“That house on the hill. That girl. Children are like bombs that will one day go off.”
These brief sentences, written soon after turning in her first book for publication, inspired Gail Godwin’s Flora, finally brought to life after many years hidden in a notebook. Godwin is not the same writer she was when she started out nearly 45 years ago. For one, she’s not afraid to refashion a book anymore. “It used to kill me when I had to drop a book, but sometimes I found that I could pick out pieces of it and put it in another book,” she says. And so these three sentences evolved into a novel after Godwin realized that she knew what those “bombs” were.
It’s the summer of 1945, and 10-year-old Helen is none t
oo p leased to be cooped up in her weathered house all alone with Flora, her late mother’s cousin, who’s in charge while Helen’s father is away on a “special project” for World War II. Helen’s grandmother has just died and, after a recent polio outbreak, the girls are forbidden to leave the property. All Helen has is Flora—but she doesn’t like her. To Helen, Flora is emotional, immature and unsophisticated. “It would take her years and years—until she was an older woman—t o see what Flora had that was so rare in the world,” Godwin says. “There are very few of these people around who are pure at heart.”
Flora is unique among Godwin’s list of best-selling novels: It’s the first she never showed to anyone else while she was writing. “It gave me a peculiar intimacy with the material,” she says. She had determined how many days the girls had together: “I tried to go day by day so that we could follow Helen’s opinions of Flora as they changed.” And so the story develops at this deliberate pace, as Helen (who narrates the story as an older woman) examines the doings o
f the summer, building up to the events of the story’s climax—occurring just after the bombing of Hiroshima—that would change her life immediately and forever.
At that age, “You’re coming into your knowledge that you have powers and that you can influence people…you can make them do things, but you haven’t finished your cognitive growth and you can’t project what the consequences might be," says Godwin,
who was able to remember well the feeling of being 10 years old. To create Helen, she had to reacquaint herself with that adolescent mindset. “[Helen’s] aware that she’s growing and changing, but she’s still a little girl…which was fascinating to write; I liked being inside her. It gave me a feeling of raw power.” Godwin’s goal for the novel was to find the essential in her material. The detailed recounting of that summer is important, as the older Helen narrates in order to provide a truthful account of this tumultuous period in her life and do justice to those involved. She strives to capture their essence.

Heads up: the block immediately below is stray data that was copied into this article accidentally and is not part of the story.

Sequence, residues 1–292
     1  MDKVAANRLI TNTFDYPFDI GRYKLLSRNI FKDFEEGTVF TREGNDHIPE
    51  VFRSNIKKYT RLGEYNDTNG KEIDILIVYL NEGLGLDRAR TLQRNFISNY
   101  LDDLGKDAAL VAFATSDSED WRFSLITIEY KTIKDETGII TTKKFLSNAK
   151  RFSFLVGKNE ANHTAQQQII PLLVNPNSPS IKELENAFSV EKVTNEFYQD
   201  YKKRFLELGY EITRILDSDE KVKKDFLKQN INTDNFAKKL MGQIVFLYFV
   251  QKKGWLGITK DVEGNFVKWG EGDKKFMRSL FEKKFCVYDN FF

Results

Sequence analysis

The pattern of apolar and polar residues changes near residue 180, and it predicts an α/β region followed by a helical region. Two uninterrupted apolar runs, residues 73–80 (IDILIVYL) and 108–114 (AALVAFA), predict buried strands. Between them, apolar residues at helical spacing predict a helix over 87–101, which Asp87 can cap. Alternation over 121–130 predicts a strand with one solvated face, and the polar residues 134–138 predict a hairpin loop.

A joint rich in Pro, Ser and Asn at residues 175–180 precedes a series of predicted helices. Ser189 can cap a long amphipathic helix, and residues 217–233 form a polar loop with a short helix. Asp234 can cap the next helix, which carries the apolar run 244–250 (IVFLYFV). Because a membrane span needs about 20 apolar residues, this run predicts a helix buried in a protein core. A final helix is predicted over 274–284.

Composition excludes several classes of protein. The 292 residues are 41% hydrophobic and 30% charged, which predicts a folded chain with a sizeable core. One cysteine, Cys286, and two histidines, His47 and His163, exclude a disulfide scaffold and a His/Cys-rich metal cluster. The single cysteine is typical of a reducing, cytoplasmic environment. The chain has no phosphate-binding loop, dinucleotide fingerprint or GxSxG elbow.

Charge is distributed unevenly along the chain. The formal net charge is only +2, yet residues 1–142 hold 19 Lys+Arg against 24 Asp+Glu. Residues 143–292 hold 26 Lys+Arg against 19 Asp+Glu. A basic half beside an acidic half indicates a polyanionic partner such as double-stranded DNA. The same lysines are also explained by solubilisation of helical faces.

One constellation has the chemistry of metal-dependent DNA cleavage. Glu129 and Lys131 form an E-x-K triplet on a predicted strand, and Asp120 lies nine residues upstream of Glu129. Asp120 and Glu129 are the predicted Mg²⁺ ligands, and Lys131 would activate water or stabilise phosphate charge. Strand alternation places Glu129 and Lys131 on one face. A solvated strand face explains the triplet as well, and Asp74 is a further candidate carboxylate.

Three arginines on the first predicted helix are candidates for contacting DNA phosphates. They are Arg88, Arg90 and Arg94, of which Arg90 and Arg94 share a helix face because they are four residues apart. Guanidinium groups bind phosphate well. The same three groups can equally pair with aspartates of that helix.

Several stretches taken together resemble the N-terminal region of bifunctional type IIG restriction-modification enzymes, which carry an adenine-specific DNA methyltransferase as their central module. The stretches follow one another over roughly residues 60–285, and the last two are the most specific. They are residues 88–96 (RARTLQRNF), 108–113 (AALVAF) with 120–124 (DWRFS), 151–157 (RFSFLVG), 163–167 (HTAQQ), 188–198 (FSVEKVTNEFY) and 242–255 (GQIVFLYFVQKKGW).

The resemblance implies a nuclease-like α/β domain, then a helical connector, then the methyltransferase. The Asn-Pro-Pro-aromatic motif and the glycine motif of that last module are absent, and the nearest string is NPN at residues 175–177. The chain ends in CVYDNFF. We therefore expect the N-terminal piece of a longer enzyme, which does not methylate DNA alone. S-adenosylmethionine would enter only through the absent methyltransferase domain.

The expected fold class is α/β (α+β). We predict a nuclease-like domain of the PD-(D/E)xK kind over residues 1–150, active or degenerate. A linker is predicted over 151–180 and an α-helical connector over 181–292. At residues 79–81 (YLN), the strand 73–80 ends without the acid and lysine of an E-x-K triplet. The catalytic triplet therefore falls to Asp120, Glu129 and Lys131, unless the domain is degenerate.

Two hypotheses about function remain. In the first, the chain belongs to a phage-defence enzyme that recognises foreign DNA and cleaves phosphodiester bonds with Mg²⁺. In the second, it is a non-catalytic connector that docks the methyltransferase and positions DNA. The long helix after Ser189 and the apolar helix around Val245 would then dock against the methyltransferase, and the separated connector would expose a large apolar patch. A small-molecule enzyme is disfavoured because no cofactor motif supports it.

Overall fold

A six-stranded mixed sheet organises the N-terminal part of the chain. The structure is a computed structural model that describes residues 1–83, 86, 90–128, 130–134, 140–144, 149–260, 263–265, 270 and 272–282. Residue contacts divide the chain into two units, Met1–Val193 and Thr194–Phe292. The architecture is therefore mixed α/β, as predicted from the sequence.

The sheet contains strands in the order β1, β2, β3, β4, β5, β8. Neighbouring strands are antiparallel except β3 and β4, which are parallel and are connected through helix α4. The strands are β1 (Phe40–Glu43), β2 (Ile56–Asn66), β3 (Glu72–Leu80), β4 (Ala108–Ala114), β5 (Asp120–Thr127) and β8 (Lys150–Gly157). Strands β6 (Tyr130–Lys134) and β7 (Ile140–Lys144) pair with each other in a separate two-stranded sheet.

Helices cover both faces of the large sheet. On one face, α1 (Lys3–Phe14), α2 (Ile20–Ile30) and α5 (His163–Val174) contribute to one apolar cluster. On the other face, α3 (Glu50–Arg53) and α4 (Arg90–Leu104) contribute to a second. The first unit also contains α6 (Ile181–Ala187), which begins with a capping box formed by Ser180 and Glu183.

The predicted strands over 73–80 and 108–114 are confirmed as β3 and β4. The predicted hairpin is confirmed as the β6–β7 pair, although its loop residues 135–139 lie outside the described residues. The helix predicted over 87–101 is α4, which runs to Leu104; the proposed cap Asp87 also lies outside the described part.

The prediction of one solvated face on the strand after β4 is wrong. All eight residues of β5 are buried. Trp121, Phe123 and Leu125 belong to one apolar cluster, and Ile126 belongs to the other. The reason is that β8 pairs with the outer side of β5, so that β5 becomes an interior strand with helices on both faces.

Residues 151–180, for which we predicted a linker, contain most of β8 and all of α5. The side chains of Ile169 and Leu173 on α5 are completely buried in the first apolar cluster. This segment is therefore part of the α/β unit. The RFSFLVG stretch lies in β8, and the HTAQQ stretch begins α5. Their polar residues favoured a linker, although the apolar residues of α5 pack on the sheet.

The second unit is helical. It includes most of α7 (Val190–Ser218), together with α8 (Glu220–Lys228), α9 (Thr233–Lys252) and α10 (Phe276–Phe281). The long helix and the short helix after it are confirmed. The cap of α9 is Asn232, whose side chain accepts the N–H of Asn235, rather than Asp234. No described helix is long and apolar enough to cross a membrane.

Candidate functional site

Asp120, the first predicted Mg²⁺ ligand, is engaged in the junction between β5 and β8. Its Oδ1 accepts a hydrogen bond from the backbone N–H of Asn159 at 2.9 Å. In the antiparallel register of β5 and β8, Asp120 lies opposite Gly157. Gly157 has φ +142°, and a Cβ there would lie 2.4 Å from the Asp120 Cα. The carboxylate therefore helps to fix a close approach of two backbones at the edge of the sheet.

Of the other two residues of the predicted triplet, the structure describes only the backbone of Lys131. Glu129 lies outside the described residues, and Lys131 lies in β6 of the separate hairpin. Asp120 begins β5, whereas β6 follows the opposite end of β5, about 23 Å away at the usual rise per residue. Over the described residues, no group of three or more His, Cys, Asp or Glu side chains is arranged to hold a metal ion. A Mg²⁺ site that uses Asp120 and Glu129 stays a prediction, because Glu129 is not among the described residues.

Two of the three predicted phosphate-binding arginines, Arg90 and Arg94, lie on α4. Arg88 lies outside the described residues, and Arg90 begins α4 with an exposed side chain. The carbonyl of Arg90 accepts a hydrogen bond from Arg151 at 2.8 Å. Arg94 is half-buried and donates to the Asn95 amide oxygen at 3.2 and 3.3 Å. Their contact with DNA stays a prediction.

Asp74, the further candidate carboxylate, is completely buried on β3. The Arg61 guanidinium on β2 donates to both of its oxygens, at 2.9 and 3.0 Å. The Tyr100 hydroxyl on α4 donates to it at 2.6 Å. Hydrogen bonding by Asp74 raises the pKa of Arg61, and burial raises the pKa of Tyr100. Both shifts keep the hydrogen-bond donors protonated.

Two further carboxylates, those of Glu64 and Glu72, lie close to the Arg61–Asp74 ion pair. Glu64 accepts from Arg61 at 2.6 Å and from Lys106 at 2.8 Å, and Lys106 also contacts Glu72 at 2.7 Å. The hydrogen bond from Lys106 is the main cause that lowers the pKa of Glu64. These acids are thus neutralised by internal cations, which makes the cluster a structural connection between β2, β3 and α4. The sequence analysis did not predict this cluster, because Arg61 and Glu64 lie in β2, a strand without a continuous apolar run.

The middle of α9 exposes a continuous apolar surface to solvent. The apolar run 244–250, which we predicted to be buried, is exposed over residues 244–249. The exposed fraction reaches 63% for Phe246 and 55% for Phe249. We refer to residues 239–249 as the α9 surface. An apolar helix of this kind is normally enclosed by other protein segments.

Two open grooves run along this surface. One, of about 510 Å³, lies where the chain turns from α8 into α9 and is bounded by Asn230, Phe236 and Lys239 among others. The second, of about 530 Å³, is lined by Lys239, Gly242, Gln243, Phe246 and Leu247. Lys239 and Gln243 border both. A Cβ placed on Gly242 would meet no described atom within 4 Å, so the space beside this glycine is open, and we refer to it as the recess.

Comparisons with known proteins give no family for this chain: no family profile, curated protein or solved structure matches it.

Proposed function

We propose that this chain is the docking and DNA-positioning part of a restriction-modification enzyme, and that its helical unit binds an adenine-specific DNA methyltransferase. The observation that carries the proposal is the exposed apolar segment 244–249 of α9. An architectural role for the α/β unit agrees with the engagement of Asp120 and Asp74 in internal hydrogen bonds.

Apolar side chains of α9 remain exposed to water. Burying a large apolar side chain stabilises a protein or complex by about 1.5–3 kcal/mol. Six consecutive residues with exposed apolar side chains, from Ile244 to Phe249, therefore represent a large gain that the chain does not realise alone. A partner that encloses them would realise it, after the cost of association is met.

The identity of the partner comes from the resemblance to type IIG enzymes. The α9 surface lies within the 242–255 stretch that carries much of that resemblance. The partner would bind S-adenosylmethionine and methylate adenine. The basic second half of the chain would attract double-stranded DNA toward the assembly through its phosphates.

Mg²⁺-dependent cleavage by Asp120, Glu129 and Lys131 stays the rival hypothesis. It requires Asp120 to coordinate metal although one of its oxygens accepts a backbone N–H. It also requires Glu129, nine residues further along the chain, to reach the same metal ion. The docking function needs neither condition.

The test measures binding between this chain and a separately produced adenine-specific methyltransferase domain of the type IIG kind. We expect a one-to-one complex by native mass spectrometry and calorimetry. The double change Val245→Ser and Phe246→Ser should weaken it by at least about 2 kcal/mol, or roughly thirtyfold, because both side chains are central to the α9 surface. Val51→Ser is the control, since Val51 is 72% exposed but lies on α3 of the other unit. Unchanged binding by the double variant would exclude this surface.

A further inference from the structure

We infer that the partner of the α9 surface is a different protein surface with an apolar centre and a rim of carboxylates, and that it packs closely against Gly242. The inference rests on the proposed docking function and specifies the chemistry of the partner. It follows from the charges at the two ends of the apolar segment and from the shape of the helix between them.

Godwin is proud of Flora, “because none of [the story] happened to me,” she says, “but it’s true in an essential way.” The story is entirely Godwin’s own—she wrote it over two years, showing her manuscript to no one. She followed her narrator’s journey over a lifetime, recalling the feeling of adolescence and intimately navigating the perspective of a woman looking back on her younger years.
Helen’s journey in Flora, from adolescence to reflective narrator, is not unlike the journey of an emerging writer. When Godwin first started out, she struggled to make herself write. “Now, if I don’t write on a day, I feel robbed. It’s become such a part of my mental exercise,” she says. Recently, Godwin was on tour with fellow Bloomsbury author Samantha Shannon, who started writing her book The Bone Season (out later this summer) at the age of 15. "Yo
u’ve got the alpha and the omega here—the first and the last,” Godwin says. With 18 books under her belt, Godwin has learned a lot over her writing career. She has a few regrets: She let one of her book titles be changed. Unfinished Desires was supposed to be The Red Nun. She also let a magazine editor turn one of her stories into something completely different. With these experiences in mind, she has a few notes to share with young writers.
These suggestions apply to Flora as well: Young Helen would be grateful to older Helen for keeping a thorough record of the details. After a lifetime of reflection, Helen may have some regrets of her own that she might want to own up to. However, Helen’s narrative is controlled. It’s stripped of most emotion in order to reveal the elemental details of that summer: the moments that endure over time. In writing their story, Helen does justice to Flora and her own youth. It is exactly what it needs to be—there is nothing extra. Godwin achieves the ultimate goal she sets for young writers a
nd also for herself: “Try to get down to the essential.”
Chelsea Langford is the editorial assistant at Kirkus Reviews.